US stocks rallied on Thursday as investors were buoyed by strong earnings from domestic retailers Macy’s and Dollar Tree, easing concerns that consumer spending was slowing.
Midway through the session the S&P 500 was up 2.1 per cent, while the tech-heavy Nasdaq 100 advanced 2.9 per cent, shrugging off disappointing overnight earnings from chipmaker Nvidia.
The strong morning’s trading for American exchanges helped push European indices higher after a flat morning, with the regional Stoxx Europe 600 index ending the day up 0.8 per cent, while the FTSE 100 and Germany’s Dax 40 closed up 0.6 per cent and 1.6 per cent respectively.
Macy’s was the standout riser in the US after the department store raised its 2022 profit forecast, pushing its shares 15 per cent higher. Sentiment was supported by similar upbeat corporate earnings from discount stores Dollar Tree and Dollar General, which rose 18 per cent and 12 per cent respectively.
The statements collectively soothed investors’ worries over consumer spending, ignited last week by profit warnings from retailers Target and Walmart.
“The fact you get a major retailer telling a different story from what other major misses have told helps calm people down a bit,” said Jim Paulsen, chief investment strategist at The Leuthold Group.
Markets have been choppy in recent weeks as traders prepare for global central banks, led by the US Federal Reserve, to tighten monetary policy in an attempt to cool inflation even as concerns increase that global growth is faltering.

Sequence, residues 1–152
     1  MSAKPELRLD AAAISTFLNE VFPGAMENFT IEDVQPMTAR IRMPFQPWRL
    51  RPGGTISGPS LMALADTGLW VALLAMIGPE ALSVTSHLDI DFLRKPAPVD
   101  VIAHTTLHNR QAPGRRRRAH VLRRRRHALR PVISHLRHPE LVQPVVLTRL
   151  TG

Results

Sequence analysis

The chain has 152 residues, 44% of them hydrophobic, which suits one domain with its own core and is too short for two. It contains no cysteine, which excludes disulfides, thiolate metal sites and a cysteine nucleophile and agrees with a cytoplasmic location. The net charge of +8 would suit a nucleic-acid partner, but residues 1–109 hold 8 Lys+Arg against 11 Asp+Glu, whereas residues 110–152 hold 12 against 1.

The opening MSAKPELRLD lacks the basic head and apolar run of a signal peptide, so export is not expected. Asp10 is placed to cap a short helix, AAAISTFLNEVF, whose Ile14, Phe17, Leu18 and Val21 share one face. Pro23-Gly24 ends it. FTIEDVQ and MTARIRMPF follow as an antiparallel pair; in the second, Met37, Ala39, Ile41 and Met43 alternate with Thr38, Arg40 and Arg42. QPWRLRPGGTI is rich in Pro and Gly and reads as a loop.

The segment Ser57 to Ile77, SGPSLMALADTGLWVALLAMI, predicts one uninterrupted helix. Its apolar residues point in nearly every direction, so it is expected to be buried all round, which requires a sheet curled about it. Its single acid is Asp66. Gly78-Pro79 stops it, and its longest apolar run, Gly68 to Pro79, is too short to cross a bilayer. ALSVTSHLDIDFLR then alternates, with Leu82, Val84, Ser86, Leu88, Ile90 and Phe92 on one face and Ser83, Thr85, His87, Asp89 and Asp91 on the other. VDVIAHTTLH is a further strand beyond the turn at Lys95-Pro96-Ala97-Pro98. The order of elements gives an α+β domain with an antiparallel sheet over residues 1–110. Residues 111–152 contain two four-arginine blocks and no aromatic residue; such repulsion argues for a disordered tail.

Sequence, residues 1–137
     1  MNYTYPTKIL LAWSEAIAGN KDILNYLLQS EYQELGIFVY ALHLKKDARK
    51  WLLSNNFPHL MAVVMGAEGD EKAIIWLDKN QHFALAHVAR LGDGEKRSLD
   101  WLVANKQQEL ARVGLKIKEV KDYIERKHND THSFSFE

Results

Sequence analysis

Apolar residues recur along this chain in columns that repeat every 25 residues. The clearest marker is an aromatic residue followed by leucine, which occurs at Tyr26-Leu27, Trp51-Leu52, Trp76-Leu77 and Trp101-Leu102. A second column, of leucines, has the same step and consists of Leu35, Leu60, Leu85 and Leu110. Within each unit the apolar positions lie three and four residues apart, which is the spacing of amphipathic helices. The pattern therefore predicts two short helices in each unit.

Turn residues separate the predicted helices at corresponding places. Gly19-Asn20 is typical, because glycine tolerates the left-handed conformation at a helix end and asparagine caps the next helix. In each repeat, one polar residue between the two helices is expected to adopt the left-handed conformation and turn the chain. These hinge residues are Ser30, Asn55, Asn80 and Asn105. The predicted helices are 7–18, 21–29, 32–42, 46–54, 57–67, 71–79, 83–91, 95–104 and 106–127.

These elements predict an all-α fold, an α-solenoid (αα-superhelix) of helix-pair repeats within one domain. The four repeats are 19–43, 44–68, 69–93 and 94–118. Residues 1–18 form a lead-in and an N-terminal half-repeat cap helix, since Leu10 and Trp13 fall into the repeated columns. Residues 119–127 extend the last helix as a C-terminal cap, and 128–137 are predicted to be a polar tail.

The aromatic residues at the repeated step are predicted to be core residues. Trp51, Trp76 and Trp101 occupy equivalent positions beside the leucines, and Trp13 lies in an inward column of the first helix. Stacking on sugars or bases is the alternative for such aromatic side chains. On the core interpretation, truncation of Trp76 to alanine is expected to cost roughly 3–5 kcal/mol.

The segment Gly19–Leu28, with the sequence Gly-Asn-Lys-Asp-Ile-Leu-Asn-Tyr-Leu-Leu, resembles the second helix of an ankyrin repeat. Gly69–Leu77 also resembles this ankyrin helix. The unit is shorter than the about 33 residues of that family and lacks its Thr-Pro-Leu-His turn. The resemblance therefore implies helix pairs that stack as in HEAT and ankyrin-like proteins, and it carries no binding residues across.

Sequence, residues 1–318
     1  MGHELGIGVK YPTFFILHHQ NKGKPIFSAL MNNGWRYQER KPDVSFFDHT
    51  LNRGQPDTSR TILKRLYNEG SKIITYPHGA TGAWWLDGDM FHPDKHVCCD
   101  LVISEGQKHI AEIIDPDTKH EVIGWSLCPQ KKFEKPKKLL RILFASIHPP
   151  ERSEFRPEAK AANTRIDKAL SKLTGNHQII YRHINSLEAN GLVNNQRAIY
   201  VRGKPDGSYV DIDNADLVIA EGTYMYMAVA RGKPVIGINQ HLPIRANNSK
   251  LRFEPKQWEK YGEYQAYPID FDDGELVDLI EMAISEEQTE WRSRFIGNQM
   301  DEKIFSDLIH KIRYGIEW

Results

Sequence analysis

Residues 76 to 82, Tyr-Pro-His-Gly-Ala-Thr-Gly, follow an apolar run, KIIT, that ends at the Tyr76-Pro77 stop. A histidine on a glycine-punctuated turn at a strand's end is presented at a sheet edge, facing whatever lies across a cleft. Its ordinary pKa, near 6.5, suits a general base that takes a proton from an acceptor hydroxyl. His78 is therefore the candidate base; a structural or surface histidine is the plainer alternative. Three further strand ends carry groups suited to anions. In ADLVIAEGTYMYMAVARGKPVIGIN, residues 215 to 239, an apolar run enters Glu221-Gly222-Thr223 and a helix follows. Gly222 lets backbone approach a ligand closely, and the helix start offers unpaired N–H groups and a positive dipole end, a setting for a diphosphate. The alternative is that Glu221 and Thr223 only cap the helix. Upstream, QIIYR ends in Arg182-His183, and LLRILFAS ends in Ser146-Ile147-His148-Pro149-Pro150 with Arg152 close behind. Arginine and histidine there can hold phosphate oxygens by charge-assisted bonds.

But investors hoped that a volatile period in the market was beginning to pass. “I don’t think you can say the bottom is imminent,” said Tim Graf, global head of macro strategy at State Street Global Markets. “But we have probably seen the most volatile period of drawdowns [of the stock market].”
In bond markets, the US 10-year Treasury yield gained 0.03 percentage points, in a sign that a recent rally in haven assets was losing momentum. Bond prices fall when yields rise. The ICE BofA Move index, which measures volatility in the Treasury market, hit 105.69, its lowest level since mid-March.
In a further sign of investors’ growing appetite for riskier assets, the JNK ETF, an exchange-traded fund of American companies’ high-yield “junk” bonds, rose 0.9 per cent. It is up 3.2 per cent so far this week.
Investors shrugged off a mixed batch of US economic data. Revised figures showed the world’s biggest economy contracted at an annualised rate of 1.5 per cent in the first quarter, slightly worse than the previous estimate of 1.4 per cent.
The decline came as the US trade deficit widened, government spending declined and commercial inventory investment dipped, according to a report from the commerce department. However, consumption, a key component of US GDP, continued rising.
Meanwhile, first-time claims for unemployment benefits fell last week to 210,000, better than the consensus of 215,000 by economists polled by Refinitiv.
“The market is paying more attention to economic data. A few weeks ago it was all about inflation, not so much about other macro data. Now everything that could affect growth is important, especially all that’s related to consumption,” said Anne Beaudu, a global fixed income portfolio manager at Amundi.